German language Treaty of Versailles Politburo

A diktat is a statute, harsh penalty or settlement imposed upon a defeated party by the victor, or a dogmatic decree. The term has acquired a pejorative sense, to describe a set of rules dictated by a foreign power or an unpopular local power. The phrases "To impose its values" or "give orders" can be synonymous with giving a diktat. An example of firman or Royal Diktat was the one issued by Mughal Emperor Farrukhsiyar in 1717, exempting the British from the payment of customs duties in Bengal.


The term is from the German language, derived from the Latin past participle dictātum.[1] It arose from Dictatus Papae, which attempts to resolve the struggle of the priesthood and the Empire in the Holy Roman Empire.

Historical use

The term was used for the first time in 1919[citation needed] in a French newspaper about the Treaty of Versailles imposed on the defeated Germany. It was particularly used in Germany to refer to that treaty. It was referred to as such because its terms were presented to Germany without allowing it to negotiate its terms. Other occurrences in Germany were the Treaty of Saint-Germain in 1919 and the Treaties of Tilsit in 1807, and in Czech and Slovak for the 1938 Munich Agreement and 1940 Salzburg Conference.

However, the term came into popular journalism use during the years of the Cold War where there was talk of the politburo diktats from Moscow to describe and characterize the commands by the bureaucrats of the former USSR towards its satellite countries.[2]

It is also used in India with a very negative meaning. Police in Jharkhand have used it to describe rules enforced by local Maoists.[3] Another use was in referring to a directive from the Drug Controller General of India’s concerning launches of new drugs.[4]

Diktat is sometimes used in Europe to refer to directives of governments against large groups as in the case of the dispute between the European Union and Microsoft regarding license information on how Windows communicates over a network.[5]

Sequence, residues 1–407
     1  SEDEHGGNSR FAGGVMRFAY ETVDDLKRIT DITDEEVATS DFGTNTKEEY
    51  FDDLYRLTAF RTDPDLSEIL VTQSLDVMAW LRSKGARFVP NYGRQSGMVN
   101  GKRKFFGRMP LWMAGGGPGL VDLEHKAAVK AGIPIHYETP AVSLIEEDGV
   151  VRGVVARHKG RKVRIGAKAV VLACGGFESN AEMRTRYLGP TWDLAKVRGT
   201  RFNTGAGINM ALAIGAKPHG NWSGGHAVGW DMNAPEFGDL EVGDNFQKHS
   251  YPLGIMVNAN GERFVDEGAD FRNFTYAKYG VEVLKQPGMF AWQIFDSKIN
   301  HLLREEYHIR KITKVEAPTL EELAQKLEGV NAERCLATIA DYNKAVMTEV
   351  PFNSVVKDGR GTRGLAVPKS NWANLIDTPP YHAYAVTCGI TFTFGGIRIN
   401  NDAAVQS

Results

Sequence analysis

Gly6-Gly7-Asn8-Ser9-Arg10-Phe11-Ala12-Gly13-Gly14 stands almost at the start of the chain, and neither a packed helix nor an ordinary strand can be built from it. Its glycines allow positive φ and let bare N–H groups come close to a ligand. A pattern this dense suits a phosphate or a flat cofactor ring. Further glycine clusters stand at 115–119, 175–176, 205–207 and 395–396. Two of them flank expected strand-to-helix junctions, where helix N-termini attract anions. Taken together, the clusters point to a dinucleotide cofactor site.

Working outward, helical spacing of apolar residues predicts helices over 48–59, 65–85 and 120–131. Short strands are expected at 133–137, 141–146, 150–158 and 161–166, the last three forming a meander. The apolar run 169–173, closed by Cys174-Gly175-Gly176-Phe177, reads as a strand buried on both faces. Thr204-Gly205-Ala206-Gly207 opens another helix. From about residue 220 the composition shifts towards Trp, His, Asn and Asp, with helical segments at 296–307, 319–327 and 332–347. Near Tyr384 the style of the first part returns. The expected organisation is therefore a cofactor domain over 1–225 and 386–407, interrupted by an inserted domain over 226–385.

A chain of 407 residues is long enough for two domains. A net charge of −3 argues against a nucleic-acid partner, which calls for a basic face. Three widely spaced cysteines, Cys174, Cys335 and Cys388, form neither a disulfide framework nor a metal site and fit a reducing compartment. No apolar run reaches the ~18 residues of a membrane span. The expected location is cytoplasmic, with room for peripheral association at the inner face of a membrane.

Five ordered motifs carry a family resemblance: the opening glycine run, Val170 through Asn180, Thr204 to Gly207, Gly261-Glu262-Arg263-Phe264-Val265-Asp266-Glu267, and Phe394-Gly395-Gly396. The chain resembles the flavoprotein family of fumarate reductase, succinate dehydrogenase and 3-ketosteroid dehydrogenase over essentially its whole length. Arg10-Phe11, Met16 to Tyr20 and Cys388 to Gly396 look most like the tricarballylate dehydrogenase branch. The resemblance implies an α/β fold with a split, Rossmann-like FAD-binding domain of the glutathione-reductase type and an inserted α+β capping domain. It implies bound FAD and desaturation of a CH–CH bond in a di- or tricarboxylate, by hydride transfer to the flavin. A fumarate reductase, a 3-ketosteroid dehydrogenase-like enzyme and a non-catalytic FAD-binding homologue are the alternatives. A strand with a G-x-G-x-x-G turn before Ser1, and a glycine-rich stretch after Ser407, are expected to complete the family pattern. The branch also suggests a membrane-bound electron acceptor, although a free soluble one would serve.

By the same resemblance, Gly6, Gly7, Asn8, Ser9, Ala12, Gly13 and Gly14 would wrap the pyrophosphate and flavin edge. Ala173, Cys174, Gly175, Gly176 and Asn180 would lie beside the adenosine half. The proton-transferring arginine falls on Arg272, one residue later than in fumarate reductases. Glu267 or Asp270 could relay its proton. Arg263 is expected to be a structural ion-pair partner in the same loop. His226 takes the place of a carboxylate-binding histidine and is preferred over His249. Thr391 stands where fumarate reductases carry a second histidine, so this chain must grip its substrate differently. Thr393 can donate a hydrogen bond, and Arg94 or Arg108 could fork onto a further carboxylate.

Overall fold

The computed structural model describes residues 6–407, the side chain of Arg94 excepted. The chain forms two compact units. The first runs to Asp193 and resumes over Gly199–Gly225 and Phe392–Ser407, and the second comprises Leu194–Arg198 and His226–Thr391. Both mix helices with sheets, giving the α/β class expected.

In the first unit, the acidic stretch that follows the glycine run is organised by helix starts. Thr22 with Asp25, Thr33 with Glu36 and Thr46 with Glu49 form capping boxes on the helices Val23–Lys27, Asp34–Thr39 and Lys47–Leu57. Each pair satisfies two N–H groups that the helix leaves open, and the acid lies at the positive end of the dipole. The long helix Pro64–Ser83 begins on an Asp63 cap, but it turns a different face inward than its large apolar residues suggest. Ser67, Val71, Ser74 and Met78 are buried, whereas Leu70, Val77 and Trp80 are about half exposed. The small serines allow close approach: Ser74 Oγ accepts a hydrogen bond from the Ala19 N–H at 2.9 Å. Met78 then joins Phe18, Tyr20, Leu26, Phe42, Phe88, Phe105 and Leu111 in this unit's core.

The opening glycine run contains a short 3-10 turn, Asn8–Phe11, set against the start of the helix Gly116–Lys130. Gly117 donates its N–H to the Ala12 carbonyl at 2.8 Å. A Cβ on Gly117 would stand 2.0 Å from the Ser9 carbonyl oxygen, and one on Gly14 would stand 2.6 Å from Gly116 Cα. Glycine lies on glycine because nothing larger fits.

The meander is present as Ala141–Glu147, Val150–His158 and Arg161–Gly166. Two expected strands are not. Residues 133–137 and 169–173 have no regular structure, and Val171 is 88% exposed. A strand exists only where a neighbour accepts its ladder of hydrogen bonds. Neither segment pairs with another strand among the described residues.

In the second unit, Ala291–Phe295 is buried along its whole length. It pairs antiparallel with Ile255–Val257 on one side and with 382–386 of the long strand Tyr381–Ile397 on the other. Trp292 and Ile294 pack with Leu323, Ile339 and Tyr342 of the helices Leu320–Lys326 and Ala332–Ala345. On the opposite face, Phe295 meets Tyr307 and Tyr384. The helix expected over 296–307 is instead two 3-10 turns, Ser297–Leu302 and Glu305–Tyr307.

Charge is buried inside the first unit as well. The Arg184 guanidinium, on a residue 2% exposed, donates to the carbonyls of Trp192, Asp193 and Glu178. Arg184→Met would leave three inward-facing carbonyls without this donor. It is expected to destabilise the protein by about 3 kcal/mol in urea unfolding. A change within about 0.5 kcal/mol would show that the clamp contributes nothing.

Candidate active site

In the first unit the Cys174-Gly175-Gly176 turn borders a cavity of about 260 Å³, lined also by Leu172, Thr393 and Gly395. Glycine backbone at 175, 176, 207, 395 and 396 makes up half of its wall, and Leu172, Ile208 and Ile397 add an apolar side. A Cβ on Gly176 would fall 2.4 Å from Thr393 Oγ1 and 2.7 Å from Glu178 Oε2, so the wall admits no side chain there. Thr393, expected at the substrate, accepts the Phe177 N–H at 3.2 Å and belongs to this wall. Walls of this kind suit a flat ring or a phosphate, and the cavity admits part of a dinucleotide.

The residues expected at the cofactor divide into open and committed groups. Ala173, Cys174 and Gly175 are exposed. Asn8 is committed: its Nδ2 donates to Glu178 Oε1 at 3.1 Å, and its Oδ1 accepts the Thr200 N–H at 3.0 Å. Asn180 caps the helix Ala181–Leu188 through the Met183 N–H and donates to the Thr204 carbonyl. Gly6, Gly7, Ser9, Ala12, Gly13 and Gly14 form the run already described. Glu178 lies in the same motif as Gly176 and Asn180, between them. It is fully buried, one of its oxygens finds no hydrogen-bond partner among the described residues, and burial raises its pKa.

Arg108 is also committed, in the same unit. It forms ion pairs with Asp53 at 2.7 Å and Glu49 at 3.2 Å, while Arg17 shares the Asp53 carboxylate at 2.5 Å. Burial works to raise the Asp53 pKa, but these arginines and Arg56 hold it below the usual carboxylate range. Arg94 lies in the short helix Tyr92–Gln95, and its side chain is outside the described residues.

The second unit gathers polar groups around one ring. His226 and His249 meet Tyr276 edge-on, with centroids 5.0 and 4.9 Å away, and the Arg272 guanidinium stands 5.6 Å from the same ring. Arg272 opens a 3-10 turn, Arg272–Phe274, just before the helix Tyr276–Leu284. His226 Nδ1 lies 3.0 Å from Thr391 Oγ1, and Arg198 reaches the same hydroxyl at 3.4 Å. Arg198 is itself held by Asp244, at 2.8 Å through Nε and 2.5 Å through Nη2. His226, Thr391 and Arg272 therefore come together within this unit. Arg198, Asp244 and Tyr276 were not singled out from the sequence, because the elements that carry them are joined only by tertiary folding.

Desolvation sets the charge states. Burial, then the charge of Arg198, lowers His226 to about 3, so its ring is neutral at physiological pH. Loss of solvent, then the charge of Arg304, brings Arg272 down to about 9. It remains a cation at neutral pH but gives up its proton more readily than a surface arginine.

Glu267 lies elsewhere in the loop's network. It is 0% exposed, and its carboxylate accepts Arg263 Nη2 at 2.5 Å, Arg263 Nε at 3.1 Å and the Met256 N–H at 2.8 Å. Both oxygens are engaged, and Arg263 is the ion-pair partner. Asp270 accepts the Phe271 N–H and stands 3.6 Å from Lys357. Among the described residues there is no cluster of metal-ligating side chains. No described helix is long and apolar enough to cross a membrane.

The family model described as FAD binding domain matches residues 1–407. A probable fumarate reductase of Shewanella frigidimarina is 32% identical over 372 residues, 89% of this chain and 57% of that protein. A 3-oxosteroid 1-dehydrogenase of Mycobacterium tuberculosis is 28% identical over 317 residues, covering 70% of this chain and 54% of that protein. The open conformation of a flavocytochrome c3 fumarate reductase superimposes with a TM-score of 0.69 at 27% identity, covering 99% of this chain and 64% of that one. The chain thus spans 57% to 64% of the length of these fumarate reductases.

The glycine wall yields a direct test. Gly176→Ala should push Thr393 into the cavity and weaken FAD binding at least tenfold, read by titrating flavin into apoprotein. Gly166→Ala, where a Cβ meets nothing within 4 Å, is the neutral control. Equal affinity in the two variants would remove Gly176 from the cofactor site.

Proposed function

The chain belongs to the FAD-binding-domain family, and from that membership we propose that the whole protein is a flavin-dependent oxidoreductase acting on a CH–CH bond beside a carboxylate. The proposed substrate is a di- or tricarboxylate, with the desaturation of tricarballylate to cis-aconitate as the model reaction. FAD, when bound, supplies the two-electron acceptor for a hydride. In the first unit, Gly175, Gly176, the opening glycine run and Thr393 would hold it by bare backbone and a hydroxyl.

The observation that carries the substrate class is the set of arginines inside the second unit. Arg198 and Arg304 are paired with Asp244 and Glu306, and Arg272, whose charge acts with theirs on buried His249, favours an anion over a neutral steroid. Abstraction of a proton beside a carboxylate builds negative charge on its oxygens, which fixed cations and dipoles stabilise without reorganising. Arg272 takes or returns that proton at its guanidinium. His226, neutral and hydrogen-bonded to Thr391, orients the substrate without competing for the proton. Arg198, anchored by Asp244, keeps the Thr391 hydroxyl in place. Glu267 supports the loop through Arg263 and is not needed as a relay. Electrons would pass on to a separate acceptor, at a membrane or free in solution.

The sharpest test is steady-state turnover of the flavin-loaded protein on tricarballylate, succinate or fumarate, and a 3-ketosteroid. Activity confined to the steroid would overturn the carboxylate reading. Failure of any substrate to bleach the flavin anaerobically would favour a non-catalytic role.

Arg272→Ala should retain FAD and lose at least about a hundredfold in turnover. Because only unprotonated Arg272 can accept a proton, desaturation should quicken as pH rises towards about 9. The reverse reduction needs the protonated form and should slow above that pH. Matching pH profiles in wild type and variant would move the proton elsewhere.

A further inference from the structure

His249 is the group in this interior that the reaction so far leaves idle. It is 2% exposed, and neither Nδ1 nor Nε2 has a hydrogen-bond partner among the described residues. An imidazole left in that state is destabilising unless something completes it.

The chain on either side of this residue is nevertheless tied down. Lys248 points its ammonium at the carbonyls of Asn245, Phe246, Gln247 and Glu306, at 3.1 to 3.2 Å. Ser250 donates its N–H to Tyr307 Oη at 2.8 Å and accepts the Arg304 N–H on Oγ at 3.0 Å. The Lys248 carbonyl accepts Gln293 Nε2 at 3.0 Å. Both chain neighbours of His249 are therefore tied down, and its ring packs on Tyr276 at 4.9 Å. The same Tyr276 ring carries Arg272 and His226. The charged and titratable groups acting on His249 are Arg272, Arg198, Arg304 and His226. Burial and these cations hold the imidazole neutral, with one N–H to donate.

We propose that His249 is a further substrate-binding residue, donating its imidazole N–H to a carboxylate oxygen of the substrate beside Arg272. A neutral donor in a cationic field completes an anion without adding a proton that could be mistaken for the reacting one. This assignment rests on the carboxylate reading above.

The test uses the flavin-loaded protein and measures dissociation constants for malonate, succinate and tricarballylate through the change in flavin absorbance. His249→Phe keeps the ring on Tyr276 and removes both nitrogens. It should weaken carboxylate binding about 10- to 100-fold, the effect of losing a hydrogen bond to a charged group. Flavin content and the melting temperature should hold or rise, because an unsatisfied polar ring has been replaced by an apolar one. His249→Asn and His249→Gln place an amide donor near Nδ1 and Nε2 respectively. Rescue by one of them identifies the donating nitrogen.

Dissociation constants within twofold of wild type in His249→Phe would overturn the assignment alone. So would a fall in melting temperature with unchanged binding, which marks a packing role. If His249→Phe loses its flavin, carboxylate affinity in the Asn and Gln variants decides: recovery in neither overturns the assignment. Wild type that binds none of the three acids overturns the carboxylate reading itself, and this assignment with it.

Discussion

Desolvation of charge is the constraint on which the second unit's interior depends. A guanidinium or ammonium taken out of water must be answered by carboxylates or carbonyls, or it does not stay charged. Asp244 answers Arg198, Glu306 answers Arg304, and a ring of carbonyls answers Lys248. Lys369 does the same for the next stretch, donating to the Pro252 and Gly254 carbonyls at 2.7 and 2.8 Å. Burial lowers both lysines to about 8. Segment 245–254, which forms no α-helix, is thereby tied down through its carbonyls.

In the Italian press, there is a wide use of diktat to refer to events of the political sphere. The term is used to refer to either union demands against politicians, to the demands of politicians towards its allies to achieve cohesion, or to refer to imposition of rules or acts of various kinds.[6]

Russian President Vladimir Putin has accused the United States of endangering the international order by trying to "remake the whole world" for its own, Putin excoriated the United States for escalating world conflicts by "unilateral diktat" and imposing sanctions that he said were aimed at pushing Russia toward "economic weakness", while he denied that Russia aspires to rebuild an empire or reclaim its Cold War-era stature as a superpower.[7]


  1. ^ "WordReference Definition & Etymology". Retrieved 1 February 2013.
  2. ^ Marples, David R. (1999). Belarus : a denationalized nation. Amsterdam: Harwood Academic. p. 21. ISBN 9057023431.
  3. ^ "Maoists' diktat to villagers: Use traditional instruments, modern equipment is banned". Retrieved 1 February 2013.
  4. ^ "Uncertainty clouds drug regulator's diktat on launches". Retrieved 1 February 2013.
  5. ^ "Microsoft finally bows down to EU diktat". Archived from the original on 15 February 2013. Retrieved 1 February 2013.
  6. ^ "The dictates of the CGIL Prodi: Raise taxes". Retrieved 1 February 2013.
  7. ^ "Russia's Putin blames U.S. for destabilizing world order". Retrieved 24 October 2014.